- Making Your Rescue Legal
It is absolutely essential that you, as an organization, are established as a legal entity. Did you know that it is illegal to ask the public for donations if you are not established as a legal entity? Some rescues groups are considered as an incorporated association. This simply means that a group of members are all working towards the same goal. Many already established rescues will recommend meeting with a lawyer just to be sure every base is covered and what you are doing is legal. Be sure that your rescue is documented and has been certified.
- When (not if)You Acquire A Sick Rescue.
Veterinarian care is by far the most expensive cost when it comes to rescuing reptiles. Medical bills quickly add up, and is the biggest reason why rescues don't last long. Its hard enough to find an experienced exotics vet, let alone a veterinarian hospital that is sympathetic enough to offer discounted prices, payments plans, etc. A good, reliable vet is going to be one of the most important assets to your rescue. You will get sicks animals that need treatment, and you'll need a veterinarian who knows what they are doing. If you try starting a rescue without a veterinarian that is available, you and the animals will quickly suffer.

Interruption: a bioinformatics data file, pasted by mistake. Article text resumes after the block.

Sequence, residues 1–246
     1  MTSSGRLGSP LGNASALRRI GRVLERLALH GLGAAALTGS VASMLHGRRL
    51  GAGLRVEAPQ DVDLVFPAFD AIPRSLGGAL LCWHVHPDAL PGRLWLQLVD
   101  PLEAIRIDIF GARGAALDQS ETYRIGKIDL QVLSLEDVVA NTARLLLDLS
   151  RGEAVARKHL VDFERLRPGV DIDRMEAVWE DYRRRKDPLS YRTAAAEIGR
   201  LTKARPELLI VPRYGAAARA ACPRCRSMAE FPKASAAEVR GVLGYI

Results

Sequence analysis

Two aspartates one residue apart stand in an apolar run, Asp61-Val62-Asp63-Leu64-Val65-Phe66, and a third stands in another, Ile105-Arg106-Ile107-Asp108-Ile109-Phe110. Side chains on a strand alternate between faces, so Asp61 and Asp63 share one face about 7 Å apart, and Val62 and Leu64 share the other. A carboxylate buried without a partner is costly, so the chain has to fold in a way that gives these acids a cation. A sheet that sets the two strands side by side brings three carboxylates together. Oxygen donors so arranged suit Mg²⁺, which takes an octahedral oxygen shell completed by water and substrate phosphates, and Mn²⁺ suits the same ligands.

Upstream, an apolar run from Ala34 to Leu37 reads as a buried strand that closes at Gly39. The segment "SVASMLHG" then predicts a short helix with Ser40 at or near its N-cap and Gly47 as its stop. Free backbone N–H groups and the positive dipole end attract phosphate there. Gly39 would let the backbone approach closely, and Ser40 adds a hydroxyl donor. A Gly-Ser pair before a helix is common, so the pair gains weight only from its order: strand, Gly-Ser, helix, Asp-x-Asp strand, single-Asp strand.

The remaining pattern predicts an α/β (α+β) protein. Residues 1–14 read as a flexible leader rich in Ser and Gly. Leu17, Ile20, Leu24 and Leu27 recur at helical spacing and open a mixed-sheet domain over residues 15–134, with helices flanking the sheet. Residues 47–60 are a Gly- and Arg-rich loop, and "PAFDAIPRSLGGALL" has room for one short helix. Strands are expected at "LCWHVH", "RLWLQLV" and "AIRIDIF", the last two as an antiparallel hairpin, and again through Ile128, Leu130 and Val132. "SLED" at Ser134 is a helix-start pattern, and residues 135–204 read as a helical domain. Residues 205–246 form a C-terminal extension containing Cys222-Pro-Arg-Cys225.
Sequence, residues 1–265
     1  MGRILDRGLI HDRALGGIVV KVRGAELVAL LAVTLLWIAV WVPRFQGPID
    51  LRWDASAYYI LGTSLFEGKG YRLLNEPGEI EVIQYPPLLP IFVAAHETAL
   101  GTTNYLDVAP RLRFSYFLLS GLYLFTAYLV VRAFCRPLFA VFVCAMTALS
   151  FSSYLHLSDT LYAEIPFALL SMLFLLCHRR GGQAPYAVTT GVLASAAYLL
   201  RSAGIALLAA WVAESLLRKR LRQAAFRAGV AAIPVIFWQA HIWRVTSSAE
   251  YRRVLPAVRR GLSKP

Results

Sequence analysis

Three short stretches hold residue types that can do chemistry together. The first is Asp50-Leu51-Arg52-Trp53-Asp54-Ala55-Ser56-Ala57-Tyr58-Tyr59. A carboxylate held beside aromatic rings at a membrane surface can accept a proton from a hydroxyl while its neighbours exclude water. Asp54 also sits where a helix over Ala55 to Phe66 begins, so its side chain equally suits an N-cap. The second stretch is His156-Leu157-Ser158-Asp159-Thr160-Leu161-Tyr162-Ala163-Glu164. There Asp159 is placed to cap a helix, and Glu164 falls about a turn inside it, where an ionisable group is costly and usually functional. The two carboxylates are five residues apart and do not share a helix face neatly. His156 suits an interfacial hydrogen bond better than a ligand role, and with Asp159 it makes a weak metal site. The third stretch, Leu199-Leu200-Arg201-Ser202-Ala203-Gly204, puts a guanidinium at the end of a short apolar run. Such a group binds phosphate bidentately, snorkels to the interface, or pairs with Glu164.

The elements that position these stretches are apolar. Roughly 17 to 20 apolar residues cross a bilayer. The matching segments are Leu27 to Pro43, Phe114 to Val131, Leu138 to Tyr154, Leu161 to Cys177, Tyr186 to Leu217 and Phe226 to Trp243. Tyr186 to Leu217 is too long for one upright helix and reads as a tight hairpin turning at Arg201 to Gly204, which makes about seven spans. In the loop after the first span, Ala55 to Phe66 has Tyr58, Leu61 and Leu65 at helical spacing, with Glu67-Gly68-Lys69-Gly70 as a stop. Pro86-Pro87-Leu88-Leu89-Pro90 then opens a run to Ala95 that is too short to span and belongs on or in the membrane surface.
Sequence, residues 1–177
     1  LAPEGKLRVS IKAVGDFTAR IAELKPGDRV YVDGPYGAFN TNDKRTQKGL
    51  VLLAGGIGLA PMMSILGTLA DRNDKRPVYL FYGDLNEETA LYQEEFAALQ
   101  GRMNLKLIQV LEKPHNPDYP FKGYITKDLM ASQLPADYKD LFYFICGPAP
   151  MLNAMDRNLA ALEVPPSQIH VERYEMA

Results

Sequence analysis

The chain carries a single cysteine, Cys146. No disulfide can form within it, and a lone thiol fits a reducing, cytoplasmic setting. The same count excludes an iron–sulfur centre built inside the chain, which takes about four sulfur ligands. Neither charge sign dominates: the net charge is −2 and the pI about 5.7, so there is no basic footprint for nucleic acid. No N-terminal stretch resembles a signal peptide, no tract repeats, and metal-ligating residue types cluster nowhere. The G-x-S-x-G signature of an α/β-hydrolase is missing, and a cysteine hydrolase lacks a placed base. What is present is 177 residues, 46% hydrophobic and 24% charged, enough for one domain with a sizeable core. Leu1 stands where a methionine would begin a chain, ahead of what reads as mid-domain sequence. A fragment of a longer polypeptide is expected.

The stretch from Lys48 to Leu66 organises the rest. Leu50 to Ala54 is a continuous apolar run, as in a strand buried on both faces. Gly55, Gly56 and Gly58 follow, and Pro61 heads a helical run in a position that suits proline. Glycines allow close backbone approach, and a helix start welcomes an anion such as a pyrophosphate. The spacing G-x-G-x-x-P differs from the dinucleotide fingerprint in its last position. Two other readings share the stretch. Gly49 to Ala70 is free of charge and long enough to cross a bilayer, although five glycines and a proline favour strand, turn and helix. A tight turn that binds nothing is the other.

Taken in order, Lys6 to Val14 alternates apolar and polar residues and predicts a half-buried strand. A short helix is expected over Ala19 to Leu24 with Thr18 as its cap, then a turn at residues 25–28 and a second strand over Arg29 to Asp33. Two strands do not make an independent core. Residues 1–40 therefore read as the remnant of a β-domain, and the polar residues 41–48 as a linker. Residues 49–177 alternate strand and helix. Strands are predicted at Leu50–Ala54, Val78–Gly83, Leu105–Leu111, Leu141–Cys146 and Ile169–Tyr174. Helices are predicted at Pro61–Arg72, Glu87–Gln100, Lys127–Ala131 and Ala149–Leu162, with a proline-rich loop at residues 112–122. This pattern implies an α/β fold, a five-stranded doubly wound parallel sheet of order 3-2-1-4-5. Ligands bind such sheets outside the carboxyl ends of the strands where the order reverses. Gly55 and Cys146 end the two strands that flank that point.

- The (Not-So) Minor Details
- You're going to need volunteers. One person in charge of rescuing a large number of reptiles will not be able to do it alone. Volunteers will be a god-send for you and are the backbone of any rescue.
- Whenever you work with any animal that is capable of inflicting harm upon you, you'll need first aid kits for both you and the animals. This is a very important item to have at your rescue.